Sunday, September 11, 2016

DEADLINE U.S.A.: Blu-ray (2oth Century-Fox 1952) Kino Lorber

I’ll watch anything with Humphrey Bogart…well, alright – not 1953’s Beat the Devil, despite having the even more impressive pedigree of John Huston to direct it; proof positive, even the ole masters had their flops – artistic and otherwise. Richard Brooks’ Deadline U.S.A. (1952) is not so far gone: not a bad movie, just an uneven and rarely seen one with Brooks far more interested in telling a story about newspaper editor, Ed Hutcheson (Bogart), a man who has allowed his impassioned crusade to protect First Amendment rights to utterly clutter and dismantle any real chances outside of work for happiness with a good woman (Kim Hunter in the woefully thankless part as Ed’s estranged wife, Nora). Deadline U.S.A. is a tale of familial avarice destroying the dynastic legacy of a ‘great’ newspaper – the fiction ‘Day’ in the movie. All this is wrapped in the enigma of a predictable ‘crime story’; a sideline for Brooks, with Hutcheson going after corrupt Mafioso, Tomas Rienzi (Martin Gabel), who thus far has been able to avoid incarceration, even while under the scrutiny of a congressional committee’s televised investigation looking into his illegal activities. The story, conceived and written by Brooks, had its roots in the demise of The New York World; a legendary ‘yellow journalism’ publication, transformed from meager rag into an iconic piece of Americana by Joseph Pulitzer, before being unceremoniously sold off, and thus dismantled, by his heirs after his death.  No one can stab you in the back like family. But I digress.
Brooks spins a lot of Pulitzer’s relentless/fearless/zealous determination, railing against corruption and government abuse of power into the character of Ed Hutcheson. Hutcheson may lack something of Pulitzer’s ‘visionary’ quality, but he presides over a superb brood of finely honed, hardboiled writers eager and willing to stick their necks out for a good scoop; stalwart senior editor, Frank Allen (Ed Bagley), cool customer, Harry Thompson (Paul Stewart), shoot-from-the-hip ‘His Girl Friday’ – Willebrandt (Audrey Christie) trolling the morgue to put a name to the face of a body dredged up from the Hudson in a fur coat no less; pragmatic, Jim Cleary (Jim Backus) and, hungry for-a-byline-he-can-call-his-own reporter, George Burrows (Warren Stevens); real news hounds on the cusp of extinction by circumstances beyond their control. It seems the heirs to The Daily; spoilt trust fund babies, Katherine Garrison Geary (Joyce Mackenzie) and Alice Garrison Courtney (Fay Baker) have convinced their widowed mother, Margaret (Ethel Barrymore) to sell off her controlling interests  for some quick cash. Turning her husband’s life’s work into a garage sale is not exactly what Margaret had in mind. But she is old and tired of fighting the good fight…or so it would seem. However, Margaret has distinct appreciation for Hutcheson’s business acumen, so very much like her late husband’s, and so unlikely to survive the industry’s uncertain future, already transitioning from independently-minded news media mandarins, insatiably driven in their search for the truth, whatever the cost, into becoming the mainstream, politicized hackneys for special interest groups they have steadily eroded into today. This is Brooks’ real message in Deadline U.S.A. and arguably his only purpose for making the picture. Ostensibly, it remains the best reason for seeing it today.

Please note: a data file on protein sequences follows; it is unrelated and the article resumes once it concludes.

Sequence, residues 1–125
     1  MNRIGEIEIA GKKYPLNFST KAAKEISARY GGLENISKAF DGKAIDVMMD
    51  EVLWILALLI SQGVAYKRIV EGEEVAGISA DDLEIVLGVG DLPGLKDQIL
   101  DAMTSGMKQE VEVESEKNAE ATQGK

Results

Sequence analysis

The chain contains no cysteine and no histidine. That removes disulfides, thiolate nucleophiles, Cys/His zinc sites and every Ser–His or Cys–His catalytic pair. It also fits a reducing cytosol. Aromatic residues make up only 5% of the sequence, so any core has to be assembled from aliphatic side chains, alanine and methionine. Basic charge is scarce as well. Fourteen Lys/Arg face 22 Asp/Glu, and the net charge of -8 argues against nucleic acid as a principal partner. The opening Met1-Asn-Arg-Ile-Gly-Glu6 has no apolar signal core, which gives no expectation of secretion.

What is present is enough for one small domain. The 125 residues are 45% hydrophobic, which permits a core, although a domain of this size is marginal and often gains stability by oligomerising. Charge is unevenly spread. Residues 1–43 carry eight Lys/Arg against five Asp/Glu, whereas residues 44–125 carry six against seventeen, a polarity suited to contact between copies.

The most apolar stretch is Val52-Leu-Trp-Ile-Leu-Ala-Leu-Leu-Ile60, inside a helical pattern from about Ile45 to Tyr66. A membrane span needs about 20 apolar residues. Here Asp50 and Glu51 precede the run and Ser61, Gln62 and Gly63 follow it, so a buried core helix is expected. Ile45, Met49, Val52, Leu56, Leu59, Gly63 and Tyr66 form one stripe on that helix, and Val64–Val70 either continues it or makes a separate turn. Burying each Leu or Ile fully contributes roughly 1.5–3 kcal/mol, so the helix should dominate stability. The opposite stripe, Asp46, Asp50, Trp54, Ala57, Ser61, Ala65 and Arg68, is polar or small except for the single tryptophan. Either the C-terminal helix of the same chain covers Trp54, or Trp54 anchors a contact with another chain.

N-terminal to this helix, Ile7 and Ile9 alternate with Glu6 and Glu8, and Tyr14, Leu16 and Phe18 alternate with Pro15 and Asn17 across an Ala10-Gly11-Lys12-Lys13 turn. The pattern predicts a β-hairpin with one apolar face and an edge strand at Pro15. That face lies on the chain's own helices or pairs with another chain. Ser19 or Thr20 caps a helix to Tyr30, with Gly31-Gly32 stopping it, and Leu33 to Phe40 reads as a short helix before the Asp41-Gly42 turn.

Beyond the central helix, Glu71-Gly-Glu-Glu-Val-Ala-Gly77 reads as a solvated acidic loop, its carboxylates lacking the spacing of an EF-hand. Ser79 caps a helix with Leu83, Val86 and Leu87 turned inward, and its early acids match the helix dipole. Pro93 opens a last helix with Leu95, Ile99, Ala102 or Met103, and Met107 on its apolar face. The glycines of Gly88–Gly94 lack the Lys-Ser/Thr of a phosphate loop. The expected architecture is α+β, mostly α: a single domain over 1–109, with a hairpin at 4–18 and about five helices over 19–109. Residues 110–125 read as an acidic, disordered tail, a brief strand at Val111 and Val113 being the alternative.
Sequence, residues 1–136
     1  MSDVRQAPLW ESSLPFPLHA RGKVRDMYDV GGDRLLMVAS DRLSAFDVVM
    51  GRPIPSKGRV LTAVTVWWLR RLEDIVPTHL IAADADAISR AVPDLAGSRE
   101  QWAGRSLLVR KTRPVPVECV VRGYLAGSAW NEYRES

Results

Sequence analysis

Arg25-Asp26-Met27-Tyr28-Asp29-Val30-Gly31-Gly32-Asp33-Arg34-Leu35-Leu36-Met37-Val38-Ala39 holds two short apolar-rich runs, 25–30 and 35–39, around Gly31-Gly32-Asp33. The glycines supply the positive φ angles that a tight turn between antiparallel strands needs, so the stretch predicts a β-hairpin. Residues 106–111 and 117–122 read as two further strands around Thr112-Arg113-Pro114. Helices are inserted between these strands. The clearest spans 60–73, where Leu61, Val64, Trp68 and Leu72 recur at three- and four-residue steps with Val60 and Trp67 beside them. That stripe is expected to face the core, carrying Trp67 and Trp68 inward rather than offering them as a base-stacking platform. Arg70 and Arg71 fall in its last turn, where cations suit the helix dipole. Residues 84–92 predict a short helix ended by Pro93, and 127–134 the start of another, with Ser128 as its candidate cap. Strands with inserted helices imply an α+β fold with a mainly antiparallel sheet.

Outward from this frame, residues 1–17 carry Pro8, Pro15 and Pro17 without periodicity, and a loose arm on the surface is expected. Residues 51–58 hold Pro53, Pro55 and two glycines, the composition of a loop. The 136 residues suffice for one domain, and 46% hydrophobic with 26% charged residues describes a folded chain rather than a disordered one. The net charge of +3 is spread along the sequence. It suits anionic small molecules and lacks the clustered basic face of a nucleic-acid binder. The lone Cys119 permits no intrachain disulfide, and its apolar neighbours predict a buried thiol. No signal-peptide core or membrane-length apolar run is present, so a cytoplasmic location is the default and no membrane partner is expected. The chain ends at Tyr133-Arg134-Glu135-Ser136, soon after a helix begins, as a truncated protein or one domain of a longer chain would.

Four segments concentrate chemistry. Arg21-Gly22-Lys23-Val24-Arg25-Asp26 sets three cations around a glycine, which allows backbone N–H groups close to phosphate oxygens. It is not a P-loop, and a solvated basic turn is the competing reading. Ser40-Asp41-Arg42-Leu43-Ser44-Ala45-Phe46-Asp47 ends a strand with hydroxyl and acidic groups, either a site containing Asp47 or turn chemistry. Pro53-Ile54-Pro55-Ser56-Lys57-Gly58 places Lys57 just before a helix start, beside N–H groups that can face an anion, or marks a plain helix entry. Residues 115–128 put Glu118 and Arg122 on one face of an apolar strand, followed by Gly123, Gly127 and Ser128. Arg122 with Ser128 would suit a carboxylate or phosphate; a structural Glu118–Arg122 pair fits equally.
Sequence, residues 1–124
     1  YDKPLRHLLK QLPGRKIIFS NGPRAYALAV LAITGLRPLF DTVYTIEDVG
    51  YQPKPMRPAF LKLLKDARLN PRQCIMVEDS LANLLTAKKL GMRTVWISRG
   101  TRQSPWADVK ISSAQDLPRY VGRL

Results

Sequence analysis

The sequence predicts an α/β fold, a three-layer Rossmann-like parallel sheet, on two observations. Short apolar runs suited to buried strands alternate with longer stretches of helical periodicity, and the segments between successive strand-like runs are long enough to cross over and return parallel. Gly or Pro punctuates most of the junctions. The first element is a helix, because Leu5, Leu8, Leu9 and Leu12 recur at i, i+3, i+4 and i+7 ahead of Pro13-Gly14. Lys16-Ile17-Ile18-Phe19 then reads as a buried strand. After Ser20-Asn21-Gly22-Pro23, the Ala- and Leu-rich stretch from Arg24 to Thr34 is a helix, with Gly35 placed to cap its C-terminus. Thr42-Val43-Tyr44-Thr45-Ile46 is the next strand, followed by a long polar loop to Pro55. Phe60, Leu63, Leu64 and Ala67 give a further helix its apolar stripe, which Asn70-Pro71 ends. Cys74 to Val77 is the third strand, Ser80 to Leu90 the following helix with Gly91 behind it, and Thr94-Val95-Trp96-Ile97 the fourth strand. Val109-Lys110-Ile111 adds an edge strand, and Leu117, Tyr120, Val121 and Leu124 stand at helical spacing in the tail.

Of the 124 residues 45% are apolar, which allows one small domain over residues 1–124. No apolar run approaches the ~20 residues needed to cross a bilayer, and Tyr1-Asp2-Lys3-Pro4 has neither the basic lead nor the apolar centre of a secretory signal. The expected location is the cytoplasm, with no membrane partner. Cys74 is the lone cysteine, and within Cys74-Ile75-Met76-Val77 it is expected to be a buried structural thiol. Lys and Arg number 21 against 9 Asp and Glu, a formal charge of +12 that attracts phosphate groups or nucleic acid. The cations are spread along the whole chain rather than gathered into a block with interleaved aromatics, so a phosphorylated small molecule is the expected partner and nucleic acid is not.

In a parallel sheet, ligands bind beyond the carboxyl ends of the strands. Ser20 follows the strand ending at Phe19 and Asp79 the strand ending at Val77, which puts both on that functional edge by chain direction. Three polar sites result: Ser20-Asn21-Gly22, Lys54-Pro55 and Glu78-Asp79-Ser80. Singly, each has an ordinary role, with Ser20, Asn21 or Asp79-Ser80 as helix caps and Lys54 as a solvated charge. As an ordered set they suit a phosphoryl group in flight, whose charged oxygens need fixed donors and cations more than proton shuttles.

There is a lot of icing on this already well-frosted cake, however, and at times, it is the diversions away from Brooks’ passionate diatribe that almost weigh the picture down in a sort of melodramatic mire, threatening to blunt or completely obfuscate his point. To satisfy the studio and audiences, Deadline U.S.A.’s latter acts get bogged in a rather clunky ‘whodunit’ as Willebrandt gradually pieces together the identity of the aforementioned ‘suicide’; Sally Gardner – a.k.a. Bessie Schmidt (Ann McCrea) – a good-time had by all; Rienzi’s plaything until he had enough and was ready for his goon squad to sink her into silence. The recovery of Schmidt’s corpse, with a positive I.D. from her mother (Kasia Orzazewski) leaves a breadcrumb trail straight to Sally’s brother, Herman (Jo De Santis); a weak-kneed gambler, beholding in debts to Rienzi. Herman sold his sister out and now he has to pay. All Hutcheson cares about is Rienzi – a blight on the city, with judges and politicians in his back pocket and racketeers, goons and various other sundry cutthroats ensconced in virtually every strata of a vast and insidious crime syndicate that has a stranglehold on truth, justice and the American way.